Authors

Nerida Blair

Publication Date

2015

Abstract

Indigenous peoples in Australia are actively engaging in research in ways never before seen. Indigenous voices are centring themselves in the research process and in the stories told as a result of more than two centuries of research that has defined, categorised, and castigated us as peoples. This article centres Australian Indigenous peoples’ voices and experiences in the research process and in the storys1 told. Sixty-five Indigenous peoples interviewed in four communities from New South Wales and Western Australia are ‘talkin up’ their experiences of being researched to death. The article then moves to a discussion about the need for linguistic competence, decolonisation, and Indigenous ontological and epistemological frameworks in research contexts.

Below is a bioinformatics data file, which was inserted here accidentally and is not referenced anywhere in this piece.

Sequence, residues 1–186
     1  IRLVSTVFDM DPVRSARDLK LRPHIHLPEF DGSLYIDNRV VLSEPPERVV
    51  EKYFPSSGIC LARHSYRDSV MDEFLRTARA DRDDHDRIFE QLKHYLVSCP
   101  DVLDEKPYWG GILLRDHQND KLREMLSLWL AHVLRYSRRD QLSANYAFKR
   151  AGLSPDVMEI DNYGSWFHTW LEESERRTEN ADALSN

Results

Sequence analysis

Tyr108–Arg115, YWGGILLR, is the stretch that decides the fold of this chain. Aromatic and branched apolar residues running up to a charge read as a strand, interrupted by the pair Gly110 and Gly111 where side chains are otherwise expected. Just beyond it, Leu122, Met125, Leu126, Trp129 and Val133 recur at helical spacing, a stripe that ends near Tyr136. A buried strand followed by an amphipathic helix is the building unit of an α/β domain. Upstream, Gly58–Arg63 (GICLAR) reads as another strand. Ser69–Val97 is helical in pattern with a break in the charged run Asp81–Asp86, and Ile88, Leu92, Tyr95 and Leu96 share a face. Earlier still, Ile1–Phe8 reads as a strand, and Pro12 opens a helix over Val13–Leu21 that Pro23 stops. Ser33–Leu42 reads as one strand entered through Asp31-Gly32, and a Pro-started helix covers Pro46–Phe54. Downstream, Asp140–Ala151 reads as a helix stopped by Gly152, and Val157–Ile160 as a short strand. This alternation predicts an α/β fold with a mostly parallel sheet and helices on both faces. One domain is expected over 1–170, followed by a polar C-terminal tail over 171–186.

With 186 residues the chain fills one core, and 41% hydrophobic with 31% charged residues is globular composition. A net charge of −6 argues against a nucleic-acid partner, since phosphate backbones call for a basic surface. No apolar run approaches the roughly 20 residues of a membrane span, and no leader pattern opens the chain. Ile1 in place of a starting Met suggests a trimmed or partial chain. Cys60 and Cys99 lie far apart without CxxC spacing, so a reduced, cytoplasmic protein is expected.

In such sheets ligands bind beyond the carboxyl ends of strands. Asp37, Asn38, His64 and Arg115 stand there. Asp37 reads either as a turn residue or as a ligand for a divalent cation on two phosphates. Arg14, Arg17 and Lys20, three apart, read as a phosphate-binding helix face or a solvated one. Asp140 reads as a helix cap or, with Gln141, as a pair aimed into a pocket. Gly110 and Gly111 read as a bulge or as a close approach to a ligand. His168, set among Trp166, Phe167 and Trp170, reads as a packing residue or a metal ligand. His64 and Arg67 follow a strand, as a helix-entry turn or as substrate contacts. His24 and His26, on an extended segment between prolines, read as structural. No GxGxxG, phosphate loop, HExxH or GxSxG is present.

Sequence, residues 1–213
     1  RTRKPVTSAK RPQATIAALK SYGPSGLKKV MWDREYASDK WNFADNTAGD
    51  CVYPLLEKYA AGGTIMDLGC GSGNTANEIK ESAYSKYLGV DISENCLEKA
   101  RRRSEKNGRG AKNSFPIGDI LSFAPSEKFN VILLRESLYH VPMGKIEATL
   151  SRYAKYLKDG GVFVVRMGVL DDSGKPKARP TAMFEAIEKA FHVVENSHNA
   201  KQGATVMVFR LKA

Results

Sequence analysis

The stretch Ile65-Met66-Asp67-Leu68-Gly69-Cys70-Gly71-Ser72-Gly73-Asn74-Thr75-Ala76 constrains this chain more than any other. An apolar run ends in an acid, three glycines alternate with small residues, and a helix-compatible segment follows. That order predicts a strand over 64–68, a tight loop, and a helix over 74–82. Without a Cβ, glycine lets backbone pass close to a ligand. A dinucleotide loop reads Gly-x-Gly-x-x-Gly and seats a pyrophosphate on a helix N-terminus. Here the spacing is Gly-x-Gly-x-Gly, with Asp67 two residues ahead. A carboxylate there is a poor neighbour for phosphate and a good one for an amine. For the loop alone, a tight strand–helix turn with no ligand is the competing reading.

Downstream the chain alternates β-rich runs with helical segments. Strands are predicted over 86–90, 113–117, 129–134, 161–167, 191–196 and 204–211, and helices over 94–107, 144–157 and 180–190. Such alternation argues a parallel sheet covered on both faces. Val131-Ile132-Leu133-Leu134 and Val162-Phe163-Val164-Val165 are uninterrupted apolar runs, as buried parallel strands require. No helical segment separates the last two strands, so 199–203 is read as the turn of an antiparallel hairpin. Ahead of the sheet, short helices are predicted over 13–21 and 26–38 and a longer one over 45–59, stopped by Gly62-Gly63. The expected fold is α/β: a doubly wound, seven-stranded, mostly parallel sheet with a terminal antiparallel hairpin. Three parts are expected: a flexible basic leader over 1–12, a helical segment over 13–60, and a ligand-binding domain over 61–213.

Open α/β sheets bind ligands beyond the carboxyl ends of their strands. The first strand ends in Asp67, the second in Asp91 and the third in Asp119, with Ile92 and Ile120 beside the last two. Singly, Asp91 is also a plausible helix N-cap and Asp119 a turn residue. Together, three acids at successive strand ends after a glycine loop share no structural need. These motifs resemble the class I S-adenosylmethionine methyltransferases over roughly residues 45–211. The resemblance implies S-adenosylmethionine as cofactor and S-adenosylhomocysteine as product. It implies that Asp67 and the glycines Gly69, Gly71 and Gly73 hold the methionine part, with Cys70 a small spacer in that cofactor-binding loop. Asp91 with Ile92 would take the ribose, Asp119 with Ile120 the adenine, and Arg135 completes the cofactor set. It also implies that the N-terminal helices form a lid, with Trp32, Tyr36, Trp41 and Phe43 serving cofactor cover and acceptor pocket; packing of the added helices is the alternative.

Document Type

Journal Article

Access Rights

ERA Access

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